We do several problems in this range in a similar format and before long, I have students recording their own thinking as they use the manipulatives to solve the problem. The second or third class period we spend on this, kids start making the transition to using just the partial quotients and not needing manipulatives. The key is that they can still visualize the manipulatives if need be, use what they know for multiplication facts and move to a more efficient and more abstract strategy. I also push this a bit by having kids show their partial quotients work and have the other kids explain how many they shared first and then how many they shared and so on. Take a look at this problem. Can you see how many manipulatives were shared initially and how many after that?

Since I have moved to teaching partial quotients, kids have a much better understanding of division. They connect it to what they already know about multiplication and division facts and are ready to tackle bigger problems in a short amount of time. They continue to connect division to sharing, are much more able to solve problems mentally and can get a reasonable estimate to a division problem. Since I learned partial quotients it has also increased my ability to do mental division and to see if my answer or my students’ answers make sense.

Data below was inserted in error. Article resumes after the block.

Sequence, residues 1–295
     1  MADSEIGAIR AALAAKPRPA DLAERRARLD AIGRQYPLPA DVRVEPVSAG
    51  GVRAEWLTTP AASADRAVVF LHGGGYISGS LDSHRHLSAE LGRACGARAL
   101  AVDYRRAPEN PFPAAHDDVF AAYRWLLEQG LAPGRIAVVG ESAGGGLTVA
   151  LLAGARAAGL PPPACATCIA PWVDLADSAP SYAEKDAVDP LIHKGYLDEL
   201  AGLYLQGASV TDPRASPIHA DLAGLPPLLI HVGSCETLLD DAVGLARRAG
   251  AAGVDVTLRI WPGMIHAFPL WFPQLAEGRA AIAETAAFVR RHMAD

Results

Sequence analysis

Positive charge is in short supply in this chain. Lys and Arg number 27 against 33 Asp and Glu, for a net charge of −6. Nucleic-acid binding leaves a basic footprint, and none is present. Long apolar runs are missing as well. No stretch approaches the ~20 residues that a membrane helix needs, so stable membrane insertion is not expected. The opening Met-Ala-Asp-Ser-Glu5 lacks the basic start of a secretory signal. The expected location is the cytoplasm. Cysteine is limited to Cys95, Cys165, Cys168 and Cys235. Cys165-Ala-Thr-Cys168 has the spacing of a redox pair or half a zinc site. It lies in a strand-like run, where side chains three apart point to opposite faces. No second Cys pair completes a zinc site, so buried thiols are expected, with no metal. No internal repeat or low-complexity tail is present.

Take some time to learn more about partial quotients and to think about how they can move your students from a concrete model to an abstract one. Make math about making connections and not about learning procedures.

*Tara, AKA The Math Maniac is a K-6 Math specialist. It is her mission in life to help kids and teachers learn to think about math and not just do it.*

This is the way I've been teaching my kids division this year. What a great strategy

ReplyDeleteGreat strategy! My team has JUST started to do this and it is working fabulously.

ReplyDeleteStephanie

Teaching in Room 6

You are going to love the long term effects of using partial quotients. When connected to models and then the traditional algorithm, it really helps kids make sense of division.

DeleteTara

The Math Maniac

Tara,

ReplyDeleteI love this post. I really like the way you connect the base then model to the partial quotients. We use this strategy in my school as well and I see many kids in 4th grade sharing 10 out at a time because of their level of comfort with the multiplication facts. I am going to print this post to share with my teachers!!